Thursday, February 09, 2006

Whither Iran

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The Iranian President Mahmoud Ahmadinejad has been most vocal in the discussion about the cartoons and has tastelessly announced a Holocaust cartoon competition.
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As if comparing the belief of a religion (which is supernatural) to a historically documented genocide is equivalent. However, education in some Islamic societies teaches that the Holocaust didn’t happen.
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It looks, on the face of it, given the intransigence of Iran on its nuclear programme, its desire to destroy Israel, its ongoing support, training and funding of terrorism, that it is looking for conflict.
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The problem is that Iran is deeply divided. One argument made is that much of the Iranian population, particularly the 50% under 30, are pro-Western and have little time for Islamic fundamentalist. The fire of the Islamic revolution has by and large gone for that population. Don’t forget that Iranians are NOT Arabs and most do not speak Arabic, and the affinity that Ahmadinejad has with the Palestinians is not one that Iranians ethnically share. Iran’s political system does not provide a particularly good outlet for alternative views.
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At the top is the Supreme Leader, who is the religious and state head of the country, selected from an Assembly of Experts (pope style). He then appoints the religious members of the Council of Guardians, who with members selected by the Parliament, vet political candidates for their consistency with the Islamic constitution.
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So for starters, you can’t be a non-Islamic candidate or a Muslim candidate who does not believe that Islam should be the deciding factor in government. As a result, turnout at elections has varied. Only 10% turned out for the Tehran local elections, so Ahmadinejad was a Mayor with very little support.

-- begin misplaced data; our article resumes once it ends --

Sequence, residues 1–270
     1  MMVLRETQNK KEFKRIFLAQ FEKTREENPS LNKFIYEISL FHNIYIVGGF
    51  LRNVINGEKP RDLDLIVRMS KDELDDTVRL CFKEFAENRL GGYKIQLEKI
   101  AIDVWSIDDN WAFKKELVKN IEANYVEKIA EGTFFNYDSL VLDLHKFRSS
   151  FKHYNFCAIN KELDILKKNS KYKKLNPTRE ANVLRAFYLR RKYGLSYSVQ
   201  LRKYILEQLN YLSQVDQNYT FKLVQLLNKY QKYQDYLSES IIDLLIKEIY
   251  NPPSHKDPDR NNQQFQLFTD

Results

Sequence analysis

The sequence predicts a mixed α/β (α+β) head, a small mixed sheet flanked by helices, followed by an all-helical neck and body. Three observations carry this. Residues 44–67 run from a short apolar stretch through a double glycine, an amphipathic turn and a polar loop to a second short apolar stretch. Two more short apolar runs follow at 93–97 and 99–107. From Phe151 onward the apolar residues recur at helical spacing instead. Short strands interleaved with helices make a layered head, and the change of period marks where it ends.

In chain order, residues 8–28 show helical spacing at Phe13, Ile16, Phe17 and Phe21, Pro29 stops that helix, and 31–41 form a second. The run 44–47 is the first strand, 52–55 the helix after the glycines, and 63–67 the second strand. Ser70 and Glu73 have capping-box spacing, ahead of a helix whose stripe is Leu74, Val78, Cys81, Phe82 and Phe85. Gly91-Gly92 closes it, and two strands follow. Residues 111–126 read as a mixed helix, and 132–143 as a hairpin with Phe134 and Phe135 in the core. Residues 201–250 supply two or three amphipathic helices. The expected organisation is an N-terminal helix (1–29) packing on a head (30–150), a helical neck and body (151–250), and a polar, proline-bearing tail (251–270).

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Reformists have called for those opposing the regime to boycott the elections, but still 59.6% turnout for the 2005 Presidential election was reported, with Ahmadinejad getting 61.69% of the vote against more moderate reformist candidate Akbar Hāschemī Rafsanjānī. While not an overwhelming endorsement, it is still one that George Bush would have been very happy with. Democracy is, after all, the counting of heads, not what is in them.
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So what does this mean? It means that given half the chance, a lot of Iranians would cheer the downfall of the Islamic Republic, particularly citizens of Tehran, and that by sheer demographics this will occur. The problem is it wont be soon enough.
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You see Iran has a nuclear programme – one ironically that was started with the help of the USA in 1975 under President Gerald Ford. The objective was to help Iran develop nuclear power in order to free up its oil reserves for export to North America. Of course back then, Iran was governed by the Shah Mohammad Reza Shah Pahlavi, who was overthrown an alliance of opposition groups (liberal and conservative), which was subsequently overtaken by the Islamic revolution. A Siemens/AEG Telefunken joint venture had signed a contract to build a nuclear power plant which was terminated after the revolution.